She showed great sensitivity when she gave the manuscript of the autobiography to all her children before sending it to the publishers. She wanted no angry souls at home, the home she set up in Noida with much love and thought after a lifetime spent shifting residences in Lutyens’ Delhi. Through her book, her children discovered the Nana (maternal grandfather) they had never met, and the world, which hitherto knew her for her work in the legal domain, discovered a fine author. On Balance was on the bestseller list when it was first released in 2003.

She held her own whenever the odds got steep. Single-minded and focussed, she did not deign to “seek help” from anyone. Some five years ago, when she was well over 80, this writer spotted her waiting in the porch of a five-star hotel in Chennai where she had arrived for The Hindu Literature Festival, and asked her if she always travelled without an aide. She replied: “No. My husband is a bit old now. He cannot undertake all the exertion.” Two days later, she flew down to Kolkata for another lit fest. “My husband used to travel with me until recently. He is at home. But I had a commitment here, then have to honour another in Kolkata. Some organisers in Bangalore wanted me to come too. I said, not now, maybe in future. After the Kolkata meet, I want to be home. Premo [what she called her husband endearingly] will be waiting.”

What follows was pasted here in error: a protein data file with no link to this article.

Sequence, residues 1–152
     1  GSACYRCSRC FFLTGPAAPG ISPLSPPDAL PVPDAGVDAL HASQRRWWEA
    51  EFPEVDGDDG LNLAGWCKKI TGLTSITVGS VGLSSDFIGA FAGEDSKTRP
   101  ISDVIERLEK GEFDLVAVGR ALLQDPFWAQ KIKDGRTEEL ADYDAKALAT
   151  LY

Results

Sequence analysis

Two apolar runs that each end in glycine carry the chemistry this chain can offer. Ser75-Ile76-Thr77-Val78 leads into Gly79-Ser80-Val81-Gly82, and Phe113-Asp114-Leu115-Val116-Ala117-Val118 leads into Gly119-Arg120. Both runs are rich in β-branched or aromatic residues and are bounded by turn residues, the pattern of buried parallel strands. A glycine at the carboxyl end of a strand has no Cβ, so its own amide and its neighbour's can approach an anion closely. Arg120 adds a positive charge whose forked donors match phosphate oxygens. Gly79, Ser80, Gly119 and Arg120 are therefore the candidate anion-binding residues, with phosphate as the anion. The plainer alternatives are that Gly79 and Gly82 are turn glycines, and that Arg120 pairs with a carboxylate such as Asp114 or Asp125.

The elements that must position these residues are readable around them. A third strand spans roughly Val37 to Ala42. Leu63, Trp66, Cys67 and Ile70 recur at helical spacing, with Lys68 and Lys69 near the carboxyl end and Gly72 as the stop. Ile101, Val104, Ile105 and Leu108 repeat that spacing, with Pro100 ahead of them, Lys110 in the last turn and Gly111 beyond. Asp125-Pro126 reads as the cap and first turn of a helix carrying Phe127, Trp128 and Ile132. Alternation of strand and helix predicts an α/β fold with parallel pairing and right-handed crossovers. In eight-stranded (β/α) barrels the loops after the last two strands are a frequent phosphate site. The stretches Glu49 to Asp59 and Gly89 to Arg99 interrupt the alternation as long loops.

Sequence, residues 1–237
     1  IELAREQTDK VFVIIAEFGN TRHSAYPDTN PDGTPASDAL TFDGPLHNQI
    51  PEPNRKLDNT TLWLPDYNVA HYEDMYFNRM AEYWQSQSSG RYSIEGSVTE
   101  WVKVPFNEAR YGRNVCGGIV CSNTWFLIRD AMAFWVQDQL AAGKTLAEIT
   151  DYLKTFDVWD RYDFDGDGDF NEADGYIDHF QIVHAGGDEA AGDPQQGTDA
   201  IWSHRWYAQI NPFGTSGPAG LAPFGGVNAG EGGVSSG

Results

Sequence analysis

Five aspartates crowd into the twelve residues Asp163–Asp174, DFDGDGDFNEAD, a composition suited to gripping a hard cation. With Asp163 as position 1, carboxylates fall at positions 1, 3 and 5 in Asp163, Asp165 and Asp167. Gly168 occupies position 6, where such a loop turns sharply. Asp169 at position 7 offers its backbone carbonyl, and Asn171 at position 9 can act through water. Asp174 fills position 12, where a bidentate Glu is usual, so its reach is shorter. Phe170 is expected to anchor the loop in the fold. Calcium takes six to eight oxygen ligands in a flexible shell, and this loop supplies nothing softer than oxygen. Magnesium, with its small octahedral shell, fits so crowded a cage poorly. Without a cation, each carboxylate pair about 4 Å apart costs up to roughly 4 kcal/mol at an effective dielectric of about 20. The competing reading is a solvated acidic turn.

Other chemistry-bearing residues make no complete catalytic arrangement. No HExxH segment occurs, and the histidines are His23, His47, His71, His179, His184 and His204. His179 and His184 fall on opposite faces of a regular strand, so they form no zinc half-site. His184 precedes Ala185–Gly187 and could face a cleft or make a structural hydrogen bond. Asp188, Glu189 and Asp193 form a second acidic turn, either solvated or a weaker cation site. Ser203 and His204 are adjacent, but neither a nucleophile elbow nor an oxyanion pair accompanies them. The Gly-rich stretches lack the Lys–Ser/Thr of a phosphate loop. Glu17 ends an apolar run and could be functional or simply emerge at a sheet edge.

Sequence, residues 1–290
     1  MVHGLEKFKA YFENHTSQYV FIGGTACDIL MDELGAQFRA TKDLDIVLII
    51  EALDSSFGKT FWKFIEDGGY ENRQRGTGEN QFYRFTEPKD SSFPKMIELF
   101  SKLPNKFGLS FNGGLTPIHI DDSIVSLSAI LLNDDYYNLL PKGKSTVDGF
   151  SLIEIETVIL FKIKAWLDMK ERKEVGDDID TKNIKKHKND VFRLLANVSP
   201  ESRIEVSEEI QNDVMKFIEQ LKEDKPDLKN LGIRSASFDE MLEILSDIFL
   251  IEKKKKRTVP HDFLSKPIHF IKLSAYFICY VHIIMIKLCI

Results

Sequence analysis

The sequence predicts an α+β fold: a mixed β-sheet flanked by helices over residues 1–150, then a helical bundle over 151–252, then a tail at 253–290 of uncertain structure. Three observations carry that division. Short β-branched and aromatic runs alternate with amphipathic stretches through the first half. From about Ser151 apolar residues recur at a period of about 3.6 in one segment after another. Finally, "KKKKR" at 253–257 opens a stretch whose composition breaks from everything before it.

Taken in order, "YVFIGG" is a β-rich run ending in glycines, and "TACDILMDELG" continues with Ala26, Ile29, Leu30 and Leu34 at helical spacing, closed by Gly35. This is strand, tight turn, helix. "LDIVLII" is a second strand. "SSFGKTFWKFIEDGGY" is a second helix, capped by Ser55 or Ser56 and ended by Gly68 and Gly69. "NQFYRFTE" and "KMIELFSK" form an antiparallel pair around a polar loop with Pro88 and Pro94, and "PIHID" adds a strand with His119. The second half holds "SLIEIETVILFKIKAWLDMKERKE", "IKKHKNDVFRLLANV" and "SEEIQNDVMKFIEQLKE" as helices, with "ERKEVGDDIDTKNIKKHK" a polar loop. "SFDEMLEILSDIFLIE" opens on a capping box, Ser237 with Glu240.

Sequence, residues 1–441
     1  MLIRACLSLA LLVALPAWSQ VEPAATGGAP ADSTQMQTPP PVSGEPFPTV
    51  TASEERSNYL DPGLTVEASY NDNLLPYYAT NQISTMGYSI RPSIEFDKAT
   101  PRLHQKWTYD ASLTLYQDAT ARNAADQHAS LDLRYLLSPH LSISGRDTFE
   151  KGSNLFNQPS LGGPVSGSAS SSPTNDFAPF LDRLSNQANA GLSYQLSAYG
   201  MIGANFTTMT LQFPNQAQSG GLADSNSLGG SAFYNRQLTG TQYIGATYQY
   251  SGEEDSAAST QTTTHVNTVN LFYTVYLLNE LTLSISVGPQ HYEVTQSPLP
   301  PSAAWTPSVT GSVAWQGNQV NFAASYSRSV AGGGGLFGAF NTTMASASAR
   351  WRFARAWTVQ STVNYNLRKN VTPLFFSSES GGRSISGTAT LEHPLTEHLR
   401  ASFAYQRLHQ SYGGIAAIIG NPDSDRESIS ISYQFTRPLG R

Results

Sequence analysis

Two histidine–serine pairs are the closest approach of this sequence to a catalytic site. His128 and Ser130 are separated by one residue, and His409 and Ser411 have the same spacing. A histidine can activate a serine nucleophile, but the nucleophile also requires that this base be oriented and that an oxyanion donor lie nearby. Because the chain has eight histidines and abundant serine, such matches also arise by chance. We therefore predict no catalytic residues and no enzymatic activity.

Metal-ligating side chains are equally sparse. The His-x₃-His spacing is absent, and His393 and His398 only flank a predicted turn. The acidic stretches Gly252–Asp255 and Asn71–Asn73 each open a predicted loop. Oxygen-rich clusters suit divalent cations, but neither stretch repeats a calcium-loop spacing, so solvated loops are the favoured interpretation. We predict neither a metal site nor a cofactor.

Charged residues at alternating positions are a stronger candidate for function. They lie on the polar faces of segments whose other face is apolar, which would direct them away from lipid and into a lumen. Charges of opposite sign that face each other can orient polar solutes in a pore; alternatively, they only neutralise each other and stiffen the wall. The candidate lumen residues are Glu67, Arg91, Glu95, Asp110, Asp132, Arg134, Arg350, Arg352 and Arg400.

It reminded one of a decision she took in her career when she turned down the offer of being a judge at the Patna High Court because the city held no professional opportunities for her husband, then working with Bata.

The decision to say no was not difficult for Leila Seth. After all, very early in her marriage, she refused to study divorce as a subject in England. “I promptly decided to drop the intention of studying divorce as a subject out of fear of its occurrence at home,” she quipped to a journalist. She went on to top the London Bar examination, becoming the first woman to do so.